Fact: Carbs are necessary for a balanced diet
Carbohydrates do not make you fat. Calories make you fat. Often it’s the sugar and fat contained in carbohydrates that make you fat. Also a lot of carbohydrates are processed, so you don’t get the advantage of feeling full from fiber found in unprocessed carbs. For example, whole grain pasta is more filling — and makes you feel satisfied longer — than white pasta, though both have the same amount of calories. What will change the number of calories is the amount of sauce and butter you put on your pasta. What you want to do is eat carbs in moderation.
Myth #5: Avoid fats
Fact: Fats increase your sense of fullness
Fat is twice as fattening as carbohydrates and protein, but you don’t want to avoid them. Studies show that fat gives you a sense of fullness and adds flavor to many foods. Eliminating fat from your diet will increase your hunger. Fat keeps you fuller longer, because it prevents your stomach from emptying out too quickly.
Myth #6: Cut out desserts
Fact: Don’t deprive yourself sweets
Deprivation is the downfall of all diets. You can have a small portion of dessert to satisfy your sweet tooth and still stick to your diet. You just don’t want to eat a large portion, or more! Food is pleasurable for many people. So, treat yourself but don’t overindulge. You can create a diet that lets you eat a sweet once a day or once a week. Dieters who deprive themselves tend to go overboard when they have candy, cake, or cookies. So make a good choice of what you include in your diet. Maybe you can have a small dessert after dinner or lunch.
Myth #7: Don’t worry about dieting — just exercise
Fact: Exercising alone is not enough
You probably won’t be able to work out enough to make up for eating a huge meal. Exercise just does not burn enough calories. If you eata slice of apple pie a la mode that is 500 calories, you’ll have to walk briskly for two hours to burn those calories. So, you won’t lose weight unless you also cut calories.
Myth #8: Don’t weigh yourself
Fact: Get on that scale!
You really need to weigh yourself to keep your weight in check. Sure, you can notice if your belt is getting tighter — or looser — but chances are you don’t have an accurate assessment of your weight. Weigh yourself at least once a week. If you don’t have a scale at home, go to your doctor or health club and weigh yourself.Weighing yourself shouldn’t be seen as punishment. It’s just a way to keep an eye on your weight. And your scale doesn’t always have to tell you bad news. You may not have noticed that you lost two pounds the other week.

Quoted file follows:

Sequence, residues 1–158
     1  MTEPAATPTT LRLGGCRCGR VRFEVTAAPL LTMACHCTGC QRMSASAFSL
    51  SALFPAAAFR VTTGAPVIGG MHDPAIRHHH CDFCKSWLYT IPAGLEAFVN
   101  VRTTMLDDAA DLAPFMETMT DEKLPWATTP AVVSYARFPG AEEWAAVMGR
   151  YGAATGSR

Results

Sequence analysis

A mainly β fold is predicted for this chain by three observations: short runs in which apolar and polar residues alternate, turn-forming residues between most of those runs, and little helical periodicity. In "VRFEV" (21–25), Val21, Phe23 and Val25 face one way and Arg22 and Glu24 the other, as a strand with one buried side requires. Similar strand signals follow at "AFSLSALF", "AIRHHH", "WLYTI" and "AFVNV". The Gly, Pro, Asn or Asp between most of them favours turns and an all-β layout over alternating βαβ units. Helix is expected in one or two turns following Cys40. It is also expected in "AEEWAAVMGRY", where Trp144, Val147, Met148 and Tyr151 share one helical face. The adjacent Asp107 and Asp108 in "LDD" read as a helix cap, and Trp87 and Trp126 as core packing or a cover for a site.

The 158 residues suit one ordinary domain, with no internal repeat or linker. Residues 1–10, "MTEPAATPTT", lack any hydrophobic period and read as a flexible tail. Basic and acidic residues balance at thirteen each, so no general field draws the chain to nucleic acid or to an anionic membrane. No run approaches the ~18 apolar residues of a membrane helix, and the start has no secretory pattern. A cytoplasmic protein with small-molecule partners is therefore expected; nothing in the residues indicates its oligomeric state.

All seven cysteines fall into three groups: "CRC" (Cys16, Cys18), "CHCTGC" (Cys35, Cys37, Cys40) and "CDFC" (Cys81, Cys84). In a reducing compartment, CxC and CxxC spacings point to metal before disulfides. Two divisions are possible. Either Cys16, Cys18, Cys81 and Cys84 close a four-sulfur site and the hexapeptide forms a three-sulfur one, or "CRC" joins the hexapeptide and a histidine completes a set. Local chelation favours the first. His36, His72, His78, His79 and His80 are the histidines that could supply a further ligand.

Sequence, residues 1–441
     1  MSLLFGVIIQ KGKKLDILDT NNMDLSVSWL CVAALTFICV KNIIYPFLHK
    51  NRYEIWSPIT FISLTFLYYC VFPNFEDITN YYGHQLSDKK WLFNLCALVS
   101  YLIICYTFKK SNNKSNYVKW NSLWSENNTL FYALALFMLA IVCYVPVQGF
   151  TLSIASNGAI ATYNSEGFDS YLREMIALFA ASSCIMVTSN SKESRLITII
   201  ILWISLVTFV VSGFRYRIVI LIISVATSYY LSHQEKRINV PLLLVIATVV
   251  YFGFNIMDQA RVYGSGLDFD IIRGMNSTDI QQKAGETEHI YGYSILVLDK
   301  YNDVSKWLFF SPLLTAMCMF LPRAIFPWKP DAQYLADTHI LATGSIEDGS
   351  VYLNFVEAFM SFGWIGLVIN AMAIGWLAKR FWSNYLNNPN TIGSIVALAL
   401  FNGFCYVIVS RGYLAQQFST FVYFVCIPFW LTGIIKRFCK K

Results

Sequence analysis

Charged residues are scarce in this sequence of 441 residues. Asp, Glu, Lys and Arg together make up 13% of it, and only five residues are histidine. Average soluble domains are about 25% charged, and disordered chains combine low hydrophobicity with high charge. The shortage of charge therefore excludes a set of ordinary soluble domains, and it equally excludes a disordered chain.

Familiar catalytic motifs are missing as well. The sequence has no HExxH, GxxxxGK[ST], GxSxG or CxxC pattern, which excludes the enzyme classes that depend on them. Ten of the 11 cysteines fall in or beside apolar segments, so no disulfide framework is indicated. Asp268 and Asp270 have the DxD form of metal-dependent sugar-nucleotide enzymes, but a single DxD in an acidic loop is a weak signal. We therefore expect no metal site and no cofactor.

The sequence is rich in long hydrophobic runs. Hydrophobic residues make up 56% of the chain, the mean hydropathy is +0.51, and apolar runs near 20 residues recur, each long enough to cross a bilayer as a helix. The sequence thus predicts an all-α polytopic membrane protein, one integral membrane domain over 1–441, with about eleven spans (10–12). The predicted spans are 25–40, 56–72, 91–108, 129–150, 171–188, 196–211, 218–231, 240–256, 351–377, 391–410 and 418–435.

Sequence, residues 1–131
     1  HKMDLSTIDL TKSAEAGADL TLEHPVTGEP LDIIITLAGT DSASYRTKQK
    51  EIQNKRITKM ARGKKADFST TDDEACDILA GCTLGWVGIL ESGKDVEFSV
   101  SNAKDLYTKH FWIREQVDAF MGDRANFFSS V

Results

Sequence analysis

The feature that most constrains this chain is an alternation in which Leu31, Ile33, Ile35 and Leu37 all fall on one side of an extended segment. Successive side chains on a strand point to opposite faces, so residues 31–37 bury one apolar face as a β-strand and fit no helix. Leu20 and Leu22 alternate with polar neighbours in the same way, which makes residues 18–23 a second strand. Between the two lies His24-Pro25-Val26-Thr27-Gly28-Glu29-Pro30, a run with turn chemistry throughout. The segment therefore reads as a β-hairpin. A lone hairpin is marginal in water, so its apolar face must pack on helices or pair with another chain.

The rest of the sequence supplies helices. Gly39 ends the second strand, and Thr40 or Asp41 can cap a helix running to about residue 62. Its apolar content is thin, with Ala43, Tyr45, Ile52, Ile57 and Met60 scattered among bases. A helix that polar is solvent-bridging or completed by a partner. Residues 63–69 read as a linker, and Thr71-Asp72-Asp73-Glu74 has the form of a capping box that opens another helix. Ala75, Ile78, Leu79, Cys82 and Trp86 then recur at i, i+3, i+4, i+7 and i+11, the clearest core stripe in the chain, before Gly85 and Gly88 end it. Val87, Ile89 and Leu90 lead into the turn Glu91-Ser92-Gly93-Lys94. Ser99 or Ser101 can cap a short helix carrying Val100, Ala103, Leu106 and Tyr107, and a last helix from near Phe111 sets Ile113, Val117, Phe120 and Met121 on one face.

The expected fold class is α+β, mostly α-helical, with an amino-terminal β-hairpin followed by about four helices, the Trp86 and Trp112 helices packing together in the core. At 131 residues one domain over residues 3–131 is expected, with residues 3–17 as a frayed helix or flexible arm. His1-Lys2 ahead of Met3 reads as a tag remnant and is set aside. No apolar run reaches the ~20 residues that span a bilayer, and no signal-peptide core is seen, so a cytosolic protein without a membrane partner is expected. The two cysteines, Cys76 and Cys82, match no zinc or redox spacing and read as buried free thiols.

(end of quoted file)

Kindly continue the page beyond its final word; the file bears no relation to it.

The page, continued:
You can weigh yourself once a day or once a week. But don’t weigh yourself more than once a day. (That means you’re obsessing about your weight.) Get on the scale the same time every day, so you have some consistency. You can record how much you weigh, but it’s not necessary; you probably won’t forget the number.
Myth #9 Never eat at night
Fact: Calories don’t know time
What’s important is how many calories you consume; not when you eat them. Many successful dieters save 200 to 300 calories to eat at night. Sure, eating a big steak before you go to bed may give you some indigestion, but it won’t ruin your diet. Eating at night may be the best time for you. You’re at home, the kids are in bed, and you have time to enjoy your food. Oprah says she doesn’t eat after dinner, but that doesn’t mean that you can’t have a late snack and still stick to your diet.
Myth #10 No snacking between meals
Fact: Calories are calories
Snacks aren’t the culprit; calories are. You can have a small container of yogurt for breakfast and a piece of fruit for a snack before lunch. Some dieters prefer to have more structure and limit themselves to three meals a the day and no in-between-meal snacks. Others are more comfortable having small, low-calorie snacks between their main meals. What counts is the total number of calories.
Dieter’s tip: Reduce calories
The best way to think of cutting calories is to go backwards. Add up your daily calories. If you eat 500 fewer calories a day, you can expect to lose a pound a week, which is considered to be fairly fast weight loss. If you cut out 250 calories a day, you will lose two pounds a month. Of course, this depends on your body type, age, health, gender, and level of physical activity. Men typically need to eat from 1,600 to 1,800 calories to lose weight; women need 1,400 to 1,600. If you want to lose weight at a faster — or slower — rate, you can adjust your calories.